Reviewer: Vincent O'Malley
Arthur J. Ray. Aboriginal Rights Claims and the Making and Remaking of History. Montreal: McGill-Queen's University Press, 2016. 360 pp. $29.95 (paper), ISBN 978-0-7735-4743-8.
Reviewed by Vincent O'Malley (HistoryWorks)
Published on H-Empire (March, 2017)
Commissioned by Charles V. Reed
At the Interface of Law and History
Arthur Ray’s new book aims to provide “a single-volume introduction to the use of historical evidence in the varied aboriginal rights and treaty claims settings of Australia, Canada, New Zealand, South Africa, and the United States” (p. xxvi). Besides introductory and concluding sections, the work consists of a chapter on each of these countries, besides Canada, where the unique claims of the Métis people merit a separate chapter of their own. Given the scale of the issues involved, Ray emphasises that it has not been possible to provide comprehensive coverage. Consequently, in most cases the focus is on selected aspects of the claims history only.
The chapter on the United States concerns the history of the Indian Claims Commission established by Congress in 1946 on a five-year mandate that was renewed multiple times until 1978. But here Ray’s narrative is mainly concerned with the commission’s early years through the 1950s. And in this instance it is anthropologists rather than historians at the fore of the story. What emerges is just how slipshod the whole process was in its initial phase. In some cases expert witnesses for the federal government presented evidence on reports they had no hand in preparing. After being forced to concede as much under cross-examination, one witness described the lawyers involved as “real sons of bitches and undiluted bastards” (p. 39). Meanwhile, lacking the resources available to the federal government, in some instances the Indian tribes were forced to find creative ways of hiring their own experts, including some engaged on a contingency basis, thereby setting up a vested financial interest in the outcome of the cases.
Matters improved over time. The Justice Department soon learned that it was not good practice to put up witnesses who knew nothing of the cases. Meanwhile, a fund was created to resource Indian petitions before the commission. The advent of the Indian Claims Commission transformed the discipline of anthropology in the United States. With substantial funding available for the first time, anthropologists were able to explore the experiences of American Indian tribes in detail. The new interdisciplinary field of ethnohistory (and the journal Ethnohistory) emerged directly out of this context. At the same time, the process divided the academic community down the middle, between those happy to appear on behalf of the government and others committed to presenting evidence for the tribes. In theory the distinction ought to make no difference as the first duty of expert witnesses is always to the court or commission that they appear before. Yet in reality it appeared to matter a great deal, with witnesses more often than not presenting vastly different accounts of the past depending on who had commissioned them.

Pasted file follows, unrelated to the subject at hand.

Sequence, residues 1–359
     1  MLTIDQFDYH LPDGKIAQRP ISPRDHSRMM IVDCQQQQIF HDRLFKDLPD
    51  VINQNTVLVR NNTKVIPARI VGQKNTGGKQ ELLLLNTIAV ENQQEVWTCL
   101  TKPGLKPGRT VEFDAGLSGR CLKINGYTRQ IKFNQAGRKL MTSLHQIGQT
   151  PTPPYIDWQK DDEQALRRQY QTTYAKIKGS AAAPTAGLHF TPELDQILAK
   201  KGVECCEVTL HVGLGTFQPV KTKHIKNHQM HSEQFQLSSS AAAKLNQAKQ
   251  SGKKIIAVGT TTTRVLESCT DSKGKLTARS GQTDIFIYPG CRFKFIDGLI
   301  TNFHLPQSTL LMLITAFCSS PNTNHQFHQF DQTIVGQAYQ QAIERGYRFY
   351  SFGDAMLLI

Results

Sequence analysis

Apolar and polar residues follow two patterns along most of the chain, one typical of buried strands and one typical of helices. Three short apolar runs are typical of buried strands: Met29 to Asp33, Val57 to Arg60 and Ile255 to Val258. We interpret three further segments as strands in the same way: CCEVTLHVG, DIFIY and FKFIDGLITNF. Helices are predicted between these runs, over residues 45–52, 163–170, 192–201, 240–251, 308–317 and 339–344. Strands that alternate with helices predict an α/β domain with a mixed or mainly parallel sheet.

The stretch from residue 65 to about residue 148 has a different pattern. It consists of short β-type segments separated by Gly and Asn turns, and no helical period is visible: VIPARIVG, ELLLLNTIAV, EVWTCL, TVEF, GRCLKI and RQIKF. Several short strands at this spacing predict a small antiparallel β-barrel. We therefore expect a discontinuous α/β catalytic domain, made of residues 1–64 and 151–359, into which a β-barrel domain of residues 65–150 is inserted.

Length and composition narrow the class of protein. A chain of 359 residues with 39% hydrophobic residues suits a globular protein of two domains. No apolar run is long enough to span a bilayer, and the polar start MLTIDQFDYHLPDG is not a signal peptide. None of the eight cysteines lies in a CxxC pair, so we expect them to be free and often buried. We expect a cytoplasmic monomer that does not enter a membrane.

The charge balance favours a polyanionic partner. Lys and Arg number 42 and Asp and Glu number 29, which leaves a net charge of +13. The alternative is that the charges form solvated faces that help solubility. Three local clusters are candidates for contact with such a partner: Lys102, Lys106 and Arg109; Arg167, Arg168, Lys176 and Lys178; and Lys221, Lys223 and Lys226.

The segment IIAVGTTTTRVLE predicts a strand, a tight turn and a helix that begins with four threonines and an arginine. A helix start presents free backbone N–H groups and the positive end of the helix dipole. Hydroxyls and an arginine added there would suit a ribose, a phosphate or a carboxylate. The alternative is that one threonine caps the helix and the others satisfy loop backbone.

Although Canada flirted with the idea of establishing its own Indian Claims Commission in the 1940s, when such a body was eventually set up in 1991 it had a much more restricted mandate to investigate allegations that specific undertakings to the First Nations had not been fulfilled (on which it could make non-binding recommendations to the government). Broader assertions of aboriginal title would still need to go through the courts, which had been slow to accept the validity of aboriginal claims from the Calder (1973) and Delgamuukw (1997) cases onward. Meanwhile, for the Métis people, simply achieving recognition as an aboriginal people was a big part of the challenge. A distinct people who had emerged out of intermarriage between First Nation communities and the newcomers, for much of their history they were viewed as being “a half-primitive and half-civilized people” destined for extinction (p. 227). But having achieved constitutional recognition in 1982, a major question subsequently battled out in the courts was precisely what aboriginal rights they held that had been protected and just who qualified as a Métis. Ray appeared in a number of these cases as an expert witness for the Métis and describes how the researchers involved were again sharply divided along party lines.
In Australia, legal challenges to the all-pervasive doctrine of terra nullius were launched from 1971 onward, culminating in the Mabo case (1992) and later developments. But Ray devotes much of his attention to less widely known aspects of the story, including the separate process set up in 1976 to resolve aboriginal claims to Crown lands within Northern Territory. He is on more familiar terrain when discussing the backlash against so-called black armband history that arose through the 1990s, fostered and encouraged by Prime Minister John Howard. In Australia the recognition of aboriginal rights continues to be limited, with courts careful (as in the Yorta Yorta case , when the Australian Federal Court ruled that the “the tide of history” had washed away aboriginal title in northern Victoria) to confine these to less valuable lands.